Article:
Again, the answer a resounding “NO” if we take at face value EGAP’s justifications for potential takeover of the Liberian economy that “after more than eighteen months of intensive technical and policy advice and financial support” by highly-paid international managers, consultants, and monitors, Liberia still needs a robust economic recovery program. Certainly, Liberia does need a robust economic plan because basic social services such as electricity and water are yet to be restored under the transitional government these international monitors have been advising for nearly two years. But does EGAP have to extent the mandate of the ACPA beyond the original two-year transitional period and takeover the statutory functions of the Liberian government in such crucial areas as “revenue, expenditure, procurement, new contracts and concessions,” for the economic plan to be valid? Why is it necessary for “immediate implementation by the NTGL and subsequent adherence by any future Government of Liberia” of the EGAP? Why can’t the new elected government that emerges out of the October 2005 elections implement the EGAP?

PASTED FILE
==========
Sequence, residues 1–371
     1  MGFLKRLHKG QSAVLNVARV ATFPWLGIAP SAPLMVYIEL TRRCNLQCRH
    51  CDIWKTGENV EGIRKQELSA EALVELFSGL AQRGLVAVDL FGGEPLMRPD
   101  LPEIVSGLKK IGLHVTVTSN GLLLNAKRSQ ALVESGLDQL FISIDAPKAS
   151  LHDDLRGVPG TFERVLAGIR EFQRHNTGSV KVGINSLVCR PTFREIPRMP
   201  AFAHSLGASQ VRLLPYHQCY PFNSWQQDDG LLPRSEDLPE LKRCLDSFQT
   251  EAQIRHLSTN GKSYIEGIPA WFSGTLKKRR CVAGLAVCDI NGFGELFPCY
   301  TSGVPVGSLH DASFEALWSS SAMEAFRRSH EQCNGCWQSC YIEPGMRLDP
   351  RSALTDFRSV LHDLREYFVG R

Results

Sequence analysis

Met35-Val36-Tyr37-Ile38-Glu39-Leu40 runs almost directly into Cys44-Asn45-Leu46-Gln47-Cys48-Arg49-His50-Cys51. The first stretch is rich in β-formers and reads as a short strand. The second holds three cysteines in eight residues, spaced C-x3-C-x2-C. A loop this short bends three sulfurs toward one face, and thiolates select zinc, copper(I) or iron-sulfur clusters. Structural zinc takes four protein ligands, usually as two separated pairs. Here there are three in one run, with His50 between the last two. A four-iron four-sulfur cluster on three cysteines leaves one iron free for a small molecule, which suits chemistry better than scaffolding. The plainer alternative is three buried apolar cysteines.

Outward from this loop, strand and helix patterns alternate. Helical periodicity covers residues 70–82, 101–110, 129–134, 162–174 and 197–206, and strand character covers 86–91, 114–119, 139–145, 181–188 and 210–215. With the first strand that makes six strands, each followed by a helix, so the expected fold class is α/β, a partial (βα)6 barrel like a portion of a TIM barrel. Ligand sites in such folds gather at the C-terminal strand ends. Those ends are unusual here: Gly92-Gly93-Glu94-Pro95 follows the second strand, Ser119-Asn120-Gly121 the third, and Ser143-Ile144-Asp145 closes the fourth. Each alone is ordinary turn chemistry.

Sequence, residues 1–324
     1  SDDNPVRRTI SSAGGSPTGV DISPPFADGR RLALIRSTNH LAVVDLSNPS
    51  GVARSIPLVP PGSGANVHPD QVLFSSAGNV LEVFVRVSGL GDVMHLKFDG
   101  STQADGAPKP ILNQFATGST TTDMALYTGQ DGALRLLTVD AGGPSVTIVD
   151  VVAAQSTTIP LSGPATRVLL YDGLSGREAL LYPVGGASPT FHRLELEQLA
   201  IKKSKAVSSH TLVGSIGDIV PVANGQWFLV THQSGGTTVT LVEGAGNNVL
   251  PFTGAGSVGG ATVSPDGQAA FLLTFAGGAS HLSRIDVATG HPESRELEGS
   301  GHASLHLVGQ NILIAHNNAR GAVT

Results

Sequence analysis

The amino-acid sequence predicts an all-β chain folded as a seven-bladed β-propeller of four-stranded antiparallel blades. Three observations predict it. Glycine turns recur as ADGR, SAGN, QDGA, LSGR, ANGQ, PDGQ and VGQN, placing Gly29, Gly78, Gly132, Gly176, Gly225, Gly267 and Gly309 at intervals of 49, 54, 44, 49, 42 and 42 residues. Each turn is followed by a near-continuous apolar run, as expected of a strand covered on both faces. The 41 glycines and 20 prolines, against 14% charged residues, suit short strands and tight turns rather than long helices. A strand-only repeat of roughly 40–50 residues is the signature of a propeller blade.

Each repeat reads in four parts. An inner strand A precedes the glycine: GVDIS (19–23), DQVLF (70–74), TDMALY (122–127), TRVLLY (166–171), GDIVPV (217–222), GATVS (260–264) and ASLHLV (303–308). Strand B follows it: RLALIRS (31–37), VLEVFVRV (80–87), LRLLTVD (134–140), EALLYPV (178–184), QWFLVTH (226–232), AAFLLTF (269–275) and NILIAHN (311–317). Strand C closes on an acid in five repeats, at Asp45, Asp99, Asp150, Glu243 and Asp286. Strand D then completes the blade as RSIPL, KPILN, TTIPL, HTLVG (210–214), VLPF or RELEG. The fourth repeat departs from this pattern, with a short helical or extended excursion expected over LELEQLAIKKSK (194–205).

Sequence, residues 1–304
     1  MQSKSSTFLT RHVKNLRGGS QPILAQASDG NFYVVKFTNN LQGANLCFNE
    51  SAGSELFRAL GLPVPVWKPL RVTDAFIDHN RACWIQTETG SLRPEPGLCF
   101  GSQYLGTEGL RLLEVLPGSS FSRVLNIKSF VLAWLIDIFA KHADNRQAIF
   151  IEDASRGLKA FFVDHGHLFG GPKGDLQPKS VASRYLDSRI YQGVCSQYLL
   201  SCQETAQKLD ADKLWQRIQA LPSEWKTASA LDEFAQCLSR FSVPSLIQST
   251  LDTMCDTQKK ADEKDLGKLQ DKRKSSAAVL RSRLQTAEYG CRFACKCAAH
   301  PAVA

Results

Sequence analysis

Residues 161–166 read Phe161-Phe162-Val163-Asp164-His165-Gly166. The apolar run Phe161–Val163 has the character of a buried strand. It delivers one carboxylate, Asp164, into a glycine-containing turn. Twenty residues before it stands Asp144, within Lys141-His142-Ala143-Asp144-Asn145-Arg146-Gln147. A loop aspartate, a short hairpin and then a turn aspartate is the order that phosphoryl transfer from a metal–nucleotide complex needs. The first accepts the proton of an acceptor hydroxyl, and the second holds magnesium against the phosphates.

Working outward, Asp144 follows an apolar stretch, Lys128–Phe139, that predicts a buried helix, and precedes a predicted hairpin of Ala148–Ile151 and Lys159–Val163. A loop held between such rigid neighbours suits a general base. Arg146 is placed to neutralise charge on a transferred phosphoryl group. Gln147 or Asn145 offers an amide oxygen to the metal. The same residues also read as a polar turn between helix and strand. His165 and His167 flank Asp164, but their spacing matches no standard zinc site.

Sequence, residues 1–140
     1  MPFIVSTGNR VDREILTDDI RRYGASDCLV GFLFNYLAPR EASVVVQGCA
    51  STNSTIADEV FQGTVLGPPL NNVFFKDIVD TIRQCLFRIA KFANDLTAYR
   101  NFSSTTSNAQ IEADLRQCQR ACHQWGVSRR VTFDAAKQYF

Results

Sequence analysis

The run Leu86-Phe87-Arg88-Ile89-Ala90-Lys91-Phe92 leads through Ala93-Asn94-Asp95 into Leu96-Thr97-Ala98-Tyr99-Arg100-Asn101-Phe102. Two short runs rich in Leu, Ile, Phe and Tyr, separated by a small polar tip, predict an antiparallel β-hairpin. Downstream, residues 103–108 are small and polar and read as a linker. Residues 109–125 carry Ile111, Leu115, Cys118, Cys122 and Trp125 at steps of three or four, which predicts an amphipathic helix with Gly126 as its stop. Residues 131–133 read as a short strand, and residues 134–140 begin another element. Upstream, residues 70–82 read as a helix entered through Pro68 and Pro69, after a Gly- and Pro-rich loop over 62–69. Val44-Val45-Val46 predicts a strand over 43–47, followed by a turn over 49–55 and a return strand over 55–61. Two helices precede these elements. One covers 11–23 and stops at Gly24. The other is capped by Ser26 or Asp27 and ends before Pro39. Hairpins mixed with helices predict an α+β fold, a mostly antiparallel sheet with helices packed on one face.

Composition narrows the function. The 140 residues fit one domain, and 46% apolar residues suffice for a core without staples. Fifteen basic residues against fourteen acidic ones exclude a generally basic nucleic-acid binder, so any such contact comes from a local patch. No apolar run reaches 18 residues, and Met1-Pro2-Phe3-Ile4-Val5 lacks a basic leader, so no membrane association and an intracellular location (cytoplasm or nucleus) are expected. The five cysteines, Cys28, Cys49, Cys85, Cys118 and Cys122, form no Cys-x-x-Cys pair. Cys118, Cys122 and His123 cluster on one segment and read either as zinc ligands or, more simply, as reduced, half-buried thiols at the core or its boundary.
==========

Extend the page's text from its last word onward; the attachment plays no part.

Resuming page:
Article XXIX-3 of the ACPA states in part, “The Parties agree on the need for regular joint meetings between this Implementation Monitoring Committee and representatives of the NTGL, in order to assess implementation of the provisions of this Agreement” yet the chairman of Liberia’s transitional government has not only publicly opposed EGAP, but has also threatened to resign if EGAP is imposed on Liberia. The EGAP document even states, ”Liberian civil society representatives shall be informed by the [Contact] Group of the content of this “resolution” [about EGAP]. The document also says, “They [civil society representatives] will be requested to assist the Group in ensuring the scrupulous implementation of the Action Plan, whenever they can play a role…[as] An important aspect of this role will be to inform the presidential and legislative aspirants of the crucial importance of adopting the principles and technical aspects of the Action Plan.” So which part of XXIX-3 of the ACPA was applied if Liberian civil society, political parties, and presidential candidates were not consulted in the drafting of EGAP? How can EGAP be in “partnership” with the transitional government when the head of the transitional government is weary of EGAP?